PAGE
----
In a press statement in Benin City with the title “Stop the Ostrich Game: Governors Can Change the Narrative of Development.” Mr. Taiwo Akerele, the Technical Adviser for the Federal Government on post COVID-19 Economic Recovery, says the state governments in Nigeria are responsible for the majority of the development challenges that the country faces. He stated that the state governments were responsible for 35 percent of the current debt profile of Nigeria, in addition to jointly being responsible for 30 percent of that debt with the federal government.
Akerele, who has formerly served in the capacity of the Chief of Staff to Governor Obaseki of Edo State, stated that he has witnessed with amazement how many of the state governors, particularly those in the opposing party, have continuously piled up the blame of underdevelopment of the country on the federal government, and even more so in the sectors of health and education and in more recent times the rapidly increasing debt crisis in the country.
With debt rising, Nigeria has failed already – a southern-state governor.
Concerning the issue of the country’s debt margin, a governor from one of the southern states was recently quoted as saying that Nigeria’s debt is slowly creeping close to N60 trillion (about $134 billion), and he came to the conclusion that Nigeria has failed already. However, Akerele placed the blame on state governors, particularly those who were elected from political parties that were in opposition to the administration, for the shortcomings in the delivery of healthcare and the infrastructure of roads.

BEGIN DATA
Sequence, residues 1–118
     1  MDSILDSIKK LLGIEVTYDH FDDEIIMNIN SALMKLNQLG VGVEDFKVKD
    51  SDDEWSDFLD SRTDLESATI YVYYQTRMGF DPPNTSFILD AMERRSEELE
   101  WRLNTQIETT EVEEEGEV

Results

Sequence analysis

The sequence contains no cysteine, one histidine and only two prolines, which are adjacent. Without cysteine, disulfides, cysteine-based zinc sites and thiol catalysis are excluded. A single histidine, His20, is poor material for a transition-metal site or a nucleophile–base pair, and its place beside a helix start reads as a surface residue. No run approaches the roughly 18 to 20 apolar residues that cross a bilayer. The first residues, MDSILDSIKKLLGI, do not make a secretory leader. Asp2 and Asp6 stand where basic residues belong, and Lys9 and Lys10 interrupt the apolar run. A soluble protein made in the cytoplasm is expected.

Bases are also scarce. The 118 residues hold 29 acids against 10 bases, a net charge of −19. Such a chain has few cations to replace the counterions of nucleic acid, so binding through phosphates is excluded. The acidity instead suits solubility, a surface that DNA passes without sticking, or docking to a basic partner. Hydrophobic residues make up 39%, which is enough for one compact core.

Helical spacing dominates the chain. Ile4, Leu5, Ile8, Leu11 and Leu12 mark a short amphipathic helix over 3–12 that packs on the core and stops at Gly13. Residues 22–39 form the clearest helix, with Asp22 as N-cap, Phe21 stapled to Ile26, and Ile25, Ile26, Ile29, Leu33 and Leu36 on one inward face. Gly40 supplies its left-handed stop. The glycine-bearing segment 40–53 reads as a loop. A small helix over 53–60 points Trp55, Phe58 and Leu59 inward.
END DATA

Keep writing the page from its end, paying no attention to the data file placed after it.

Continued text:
Responding to the governor’s quote, he said his role as a policy analyst does not require him to verify or disprove his claims, which are instead the responsibility of the Debt Management Office (DMO) and the Central Bank of Nigeria (CBN). However, he affirmed that he had been under the impression that the same governor would go ahead and state in unequivocal terms his own state’s share of the debt burden as well as what the state has accomplished with the money for the purpose it was approved for. Unfortunately, he once again chose to ignore the issue at hand.
Akerele counters the governor’s claim and reassures the government effort.
Furthermore, according to Akerele, he revealed that statistical data from the Debt Management Office (DMO) show evidence that only 35 percent of the total country’s debts did belong to the federal government, and around 35 percent of it is owned by the 36 states, while the outstanding 30 percent of the debt is jointly owned by them, particularly borrowings that are related to COVID-19 recovery and immunization and budget support instruments.
The DMO also revealed that the Federal Government, as of the second quarter of 2022, was unable to obtain any foreign loans. Having said all those as the south governor’s claim, he said if this is the case, then on what basis could a state governor, most especially one from the opposition party, firmly throw the debt issue of the country on the foot of the federal government for raising the Nigerian population? He asked.
30% of Nigeria’s health care needs are funded by the federal government.
Moreover, he added that he is open to being corrected; however, the data that is currently available reveals that 70% of the healthcare requirements of Nigerians fall within the scope of the primary healthcare (LGA) as well as secondary healthcare (state); the remaining 30 percent of the health care needs are met by what is known as Tertiary Centers, which include Teaching and Specialist hospitals, and has primarily been funded by the Federal Government of Nigeria.